Professional social networking site LinkedIn is working hard to set things right after millions of its users' passwords were hacked. It is reported that the site is working closely with the Federal Bureau of Investigation (FBI) to track down the hackers.
"From the moment we became aware of this issue, we have been working non-stop to investigate it," said Linkedin director Vicente Silveira on its official blog. "We are also actively working with law enforcement, which is investigating this matter," he added.
Silveira also revealed that millions of LinkedIn users' passwords were hacked.
"Yesterday we learned that approximately 6.5 million hashed LinkedIn passwords were posted on a hacker site. Most of the passwords on the list appear to remain hashed and hard to decode, but unfortunately a small subset of the hashed passwords was decoded and published," he added.
Efforst are on to help the users overcome the inconvenience. The company has to lock down and protect the accounts associated with the decoded passwords that they believed were at the greatest risk. They invalidated those passwords and contacted those members with a message that lets them know how to reset their passwords.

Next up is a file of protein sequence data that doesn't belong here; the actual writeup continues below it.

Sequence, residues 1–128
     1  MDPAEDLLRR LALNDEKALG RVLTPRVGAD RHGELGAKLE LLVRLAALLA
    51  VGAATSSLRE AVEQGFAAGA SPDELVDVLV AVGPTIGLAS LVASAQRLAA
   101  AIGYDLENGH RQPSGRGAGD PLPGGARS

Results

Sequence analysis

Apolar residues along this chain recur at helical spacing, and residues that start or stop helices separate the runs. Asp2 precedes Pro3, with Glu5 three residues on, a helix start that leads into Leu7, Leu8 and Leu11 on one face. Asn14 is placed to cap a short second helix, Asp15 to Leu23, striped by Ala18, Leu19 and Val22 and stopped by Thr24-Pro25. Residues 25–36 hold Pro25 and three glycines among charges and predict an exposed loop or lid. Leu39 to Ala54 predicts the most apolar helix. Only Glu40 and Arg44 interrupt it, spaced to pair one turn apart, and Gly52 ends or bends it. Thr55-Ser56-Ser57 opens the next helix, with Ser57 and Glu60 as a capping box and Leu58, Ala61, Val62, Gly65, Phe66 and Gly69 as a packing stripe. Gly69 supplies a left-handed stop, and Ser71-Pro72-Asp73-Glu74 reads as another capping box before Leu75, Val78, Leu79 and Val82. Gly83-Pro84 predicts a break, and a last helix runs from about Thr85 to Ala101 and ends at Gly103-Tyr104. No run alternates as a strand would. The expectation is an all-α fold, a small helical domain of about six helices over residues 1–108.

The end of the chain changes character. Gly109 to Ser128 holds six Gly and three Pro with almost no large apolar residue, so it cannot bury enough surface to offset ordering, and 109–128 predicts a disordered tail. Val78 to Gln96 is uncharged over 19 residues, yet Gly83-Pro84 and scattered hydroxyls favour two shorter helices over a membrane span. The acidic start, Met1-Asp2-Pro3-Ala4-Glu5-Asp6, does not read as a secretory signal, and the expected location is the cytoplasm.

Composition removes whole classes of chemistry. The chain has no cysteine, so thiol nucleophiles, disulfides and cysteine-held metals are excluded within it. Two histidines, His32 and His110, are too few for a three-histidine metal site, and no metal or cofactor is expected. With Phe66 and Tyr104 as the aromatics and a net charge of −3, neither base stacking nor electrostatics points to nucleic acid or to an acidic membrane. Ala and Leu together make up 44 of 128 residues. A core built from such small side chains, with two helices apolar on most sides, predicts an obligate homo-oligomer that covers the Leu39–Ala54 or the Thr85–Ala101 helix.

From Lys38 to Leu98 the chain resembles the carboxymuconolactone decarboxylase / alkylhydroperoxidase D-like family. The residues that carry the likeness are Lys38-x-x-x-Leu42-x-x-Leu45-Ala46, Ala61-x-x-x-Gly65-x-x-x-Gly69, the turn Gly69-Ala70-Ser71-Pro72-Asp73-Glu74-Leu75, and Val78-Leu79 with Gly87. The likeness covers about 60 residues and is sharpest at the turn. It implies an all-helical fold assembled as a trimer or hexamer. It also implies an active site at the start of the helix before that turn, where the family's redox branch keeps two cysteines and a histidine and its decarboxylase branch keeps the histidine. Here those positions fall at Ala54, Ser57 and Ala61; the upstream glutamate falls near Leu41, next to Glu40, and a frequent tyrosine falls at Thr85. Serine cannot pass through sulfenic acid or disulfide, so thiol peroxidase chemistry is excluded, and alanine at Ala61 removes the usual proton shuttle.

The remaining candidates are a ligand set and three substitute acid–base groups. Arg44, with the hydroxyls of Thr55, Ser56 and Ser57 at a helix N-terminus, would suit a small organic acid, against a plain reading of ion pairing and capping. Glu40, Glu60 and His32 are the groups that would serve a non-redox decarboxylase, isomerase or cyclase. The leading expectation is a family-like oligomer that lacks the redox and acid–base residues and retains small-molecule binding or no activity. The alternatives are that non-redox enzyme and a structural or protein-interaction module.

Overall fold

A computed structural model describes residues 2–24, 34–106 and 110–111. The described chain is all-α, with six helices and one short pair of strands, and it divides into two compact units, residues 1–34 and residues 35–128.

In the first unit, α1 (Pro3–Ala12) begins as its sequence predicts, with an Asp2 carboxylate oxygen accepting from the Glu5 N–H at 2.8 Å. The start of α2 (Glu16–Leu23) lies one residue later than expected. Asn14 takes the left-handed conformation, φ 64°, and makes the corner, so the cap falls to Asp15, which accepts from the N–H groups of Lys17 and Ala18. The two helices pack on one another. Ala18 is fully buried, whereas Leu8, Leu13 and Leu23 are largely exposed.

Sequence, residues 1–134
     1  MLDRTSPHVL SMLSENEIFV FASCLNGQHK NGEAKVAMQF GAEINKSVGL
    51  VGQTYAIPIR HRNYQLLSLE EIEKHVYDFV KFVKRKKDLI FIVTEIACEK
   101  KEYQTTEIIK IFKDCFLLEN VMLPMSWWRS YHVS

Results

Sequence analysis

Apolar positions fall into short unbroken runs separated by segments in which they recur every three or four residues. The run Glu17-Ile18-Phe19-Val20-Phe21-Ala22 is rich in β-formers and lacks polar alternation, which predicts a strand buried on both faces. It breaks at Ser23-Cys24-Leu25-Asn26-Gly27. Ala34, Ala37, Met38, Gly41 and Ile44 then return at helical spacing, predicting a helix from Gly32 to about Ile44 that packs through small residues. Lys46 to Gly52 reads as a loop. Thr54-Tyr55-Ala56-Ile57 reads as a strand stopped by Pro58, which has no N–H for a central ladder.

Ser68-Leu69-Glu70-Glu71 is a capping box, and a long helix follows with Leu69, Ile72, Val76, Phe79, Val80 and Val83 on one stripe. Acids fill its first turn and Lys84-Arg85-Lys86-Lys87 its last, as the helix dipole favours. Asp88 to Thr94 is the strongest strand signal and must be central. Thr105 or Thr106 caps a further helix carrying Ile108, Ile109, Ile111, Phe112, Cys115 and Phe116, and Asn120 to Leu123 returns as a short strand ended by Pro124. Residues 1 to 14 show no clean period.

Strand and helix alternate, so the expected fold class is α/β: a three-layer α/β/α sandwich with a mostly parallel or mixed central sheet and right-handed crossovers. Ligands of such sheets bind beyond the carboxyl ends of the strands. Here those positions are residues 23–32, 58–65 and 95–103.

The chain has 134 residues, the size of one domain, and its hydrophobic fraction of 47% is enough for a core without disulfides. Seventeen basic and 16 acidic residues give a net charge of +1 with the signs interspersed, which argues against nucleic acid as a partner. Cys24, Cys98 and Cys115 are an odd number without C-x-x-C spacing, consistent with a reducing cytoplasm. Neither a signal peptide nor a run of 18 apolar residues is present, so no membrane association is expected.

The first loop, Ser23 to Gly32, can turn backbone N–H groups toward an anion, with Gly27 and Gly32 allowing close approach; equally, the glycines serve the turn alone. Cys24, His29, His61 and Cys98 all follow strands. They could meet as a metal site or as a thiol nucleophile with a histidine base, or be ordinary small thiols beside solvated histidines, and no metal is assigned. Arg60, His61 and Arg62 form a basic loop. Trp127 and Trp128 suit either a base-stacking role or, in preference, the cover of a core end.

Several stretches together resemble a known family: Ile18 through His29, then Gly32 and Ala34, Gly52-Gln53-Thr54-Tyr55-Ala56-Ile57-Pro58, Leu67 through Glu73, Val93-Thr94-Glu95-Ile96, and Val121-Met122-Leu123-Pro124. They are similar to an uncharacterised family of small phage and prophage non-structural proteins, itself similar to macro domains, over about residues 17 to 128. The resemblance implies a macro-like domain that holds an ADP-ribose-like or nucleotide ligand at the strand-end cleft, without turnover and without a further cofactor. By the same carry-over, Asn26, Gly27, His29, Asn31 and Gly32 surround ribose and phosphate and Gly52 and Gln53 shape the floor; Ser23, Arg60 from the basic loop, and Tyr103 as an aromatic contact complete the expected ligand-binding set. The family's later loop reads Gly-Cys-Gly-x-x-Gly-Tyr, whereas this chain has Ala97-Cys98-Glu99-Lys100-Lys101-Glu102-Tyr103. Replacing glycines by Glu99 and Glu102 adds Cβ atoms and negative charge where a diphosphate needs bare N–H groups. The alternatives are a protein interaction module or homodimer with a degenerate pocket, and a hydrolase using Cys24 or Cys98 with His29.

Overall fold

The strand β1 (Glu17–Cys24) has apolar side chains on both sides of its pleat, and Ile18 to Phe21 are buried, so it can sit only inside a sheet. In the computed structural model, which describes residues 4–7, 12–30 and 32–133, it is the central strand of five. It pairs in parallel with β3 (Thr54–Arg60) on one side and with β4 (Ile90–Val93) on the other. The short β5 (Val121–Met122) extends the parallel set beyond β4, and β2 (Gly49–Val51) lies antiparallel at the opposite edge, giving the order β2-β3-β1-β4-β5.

Linkedin on Thursday apologized to its members for the inconveniences caused after millions of its users' passwords were hacked. It also requested its members to update their passwords as a security messure.
"While our investigation continues, we thought it would be a good idea to remind our members that one of the best ways to protect your privacy and security online is to craft a strong password, to change it frequently (at least once a quarter or every few months) and to not use the same password on multiple sites. Use this as an opportunity to review all of your account settings on LinkedIn and on other sites too. Remember, no matter what website you're on, it's important for you to make sure that you protect your account security and privacy," wrote Silveira.